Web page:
New York City Uses AHRQ Data to Help Develop New Measure of Poverty
The New York City Center for Economic Opportunity (CEO) used Medical Expenditure Panel Survey (MEPS) data in the development of its measure of poverty for the city. This work appears in The CEO Poverty Measure: A Working Paper, August 2008. New York City is the first local government in the nation to measure poverty using a method based on recommendations from the National Academy of Sciences.
According to Mark Levitan, PhD, CEO and Director of Poverty Research, "AHRQ's assistance was essential to our work in estimating out-of-pocket medical expenditures, a key component of our work."
The Census Bureau's measure of poverty established in 1969 measures poverty by comparing a family's total pre-tax cash income against a set of thresholds, called the poverty line, that vary by family size and composition. New York City policymakers felt these measures did not adequately reflect either the relatively high cost of living in New York City or the full range of resources available to families in meeting their needs.
The new poverty measure establishes its income threshold on the basis of family expenditures for food, clothing, shelter, and utilities. The poverty line is then adjusted to account for differences in housing costs across the nation. The measure of resources includes not only cash income, but the effect of tax liabilities and credits; near-cash assistance such as food stamps and housing subsidies; commuting; childcare costs; and medical out-of-pocket spending.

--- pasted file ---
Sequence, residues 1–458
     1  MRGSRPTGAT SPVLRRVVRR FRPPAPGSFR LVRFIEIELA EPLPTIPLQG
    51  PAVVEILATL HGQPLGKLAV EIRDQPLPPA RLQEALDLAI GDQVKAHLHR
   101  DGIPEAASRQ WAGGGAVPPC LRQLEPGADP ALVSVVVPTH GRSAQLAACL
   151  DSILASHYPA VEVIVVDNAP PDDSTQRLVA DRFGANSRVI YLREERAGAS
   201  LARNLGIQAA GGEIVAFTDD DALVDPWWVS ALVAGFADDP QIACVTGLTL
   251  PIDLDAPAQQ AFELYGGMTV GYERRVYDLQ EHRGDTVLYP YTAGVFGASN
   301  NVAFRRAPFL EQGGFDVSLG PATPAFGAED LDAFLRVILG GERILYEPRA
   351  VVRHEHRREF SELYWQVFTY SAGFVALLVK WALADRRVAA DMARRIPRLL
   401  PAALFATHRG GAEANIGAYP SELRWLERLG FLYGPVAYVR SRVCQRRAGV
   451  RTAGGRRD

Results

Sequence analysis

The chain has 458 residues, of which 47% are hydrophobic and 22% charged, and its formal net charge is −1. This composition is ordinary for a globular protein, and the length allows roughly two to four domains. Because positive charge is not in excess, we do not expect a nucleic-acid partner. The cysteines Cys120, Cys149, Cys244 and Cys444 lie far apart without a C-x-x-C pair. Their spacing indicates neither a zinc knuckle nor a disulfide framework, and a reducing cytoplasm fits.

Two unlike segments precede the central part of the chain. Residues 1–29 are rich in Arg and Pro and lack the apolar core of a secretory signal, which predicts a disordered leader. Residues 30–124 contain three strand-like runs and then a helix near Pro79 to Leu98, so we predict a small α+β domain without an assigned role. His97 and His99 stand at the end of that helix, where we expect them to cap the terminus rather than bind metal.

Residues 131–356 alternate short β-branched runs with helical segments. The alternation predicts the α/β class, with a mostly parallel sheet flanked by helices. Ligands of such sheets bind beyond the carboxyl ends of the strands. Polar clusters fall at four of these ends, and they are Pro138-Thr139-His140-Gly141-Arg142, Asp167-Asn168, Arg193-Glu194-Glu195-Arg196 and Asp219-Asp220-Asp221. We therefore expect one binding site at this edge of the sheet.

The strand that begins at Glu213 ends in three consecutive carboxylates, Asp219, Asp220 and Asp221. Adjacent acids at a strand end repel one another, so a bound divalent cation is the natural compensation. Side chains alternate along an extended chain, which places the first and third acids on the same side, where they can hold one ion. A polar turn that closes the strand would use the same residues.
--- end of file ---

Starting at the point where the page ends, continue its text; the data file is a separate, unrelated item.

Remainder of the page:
The CEO used the Census Bureau's American Community Survey as the principal source of data in its work. But medical-out-of-pocket expenditures are not included in the Census Bureau's survey. CEO relied on MEPS data and technical assistance from AHRQ staff to address the need to estimate this spending.
Housed within the Mayor's Office, the CEO was established in 2006 by Mayor Bloomberg to identify and implement innovative ways to reduce poverty in New York City. The CEO works with city agencies to design and implement evidence-based initiatives, strategies, and programs aimed at poverty reduction. The CEO is also offering technical assistance to other municipalities and states throughout the nation that are interested in replicating this new methodology for measuring poverty.
The CEO Poverty Measure: A Working Paper is available at http://www.nyc.gov/html/ceo/downloads/pdf/final_poverty_report.pdf [PDF file, 970 KB; ].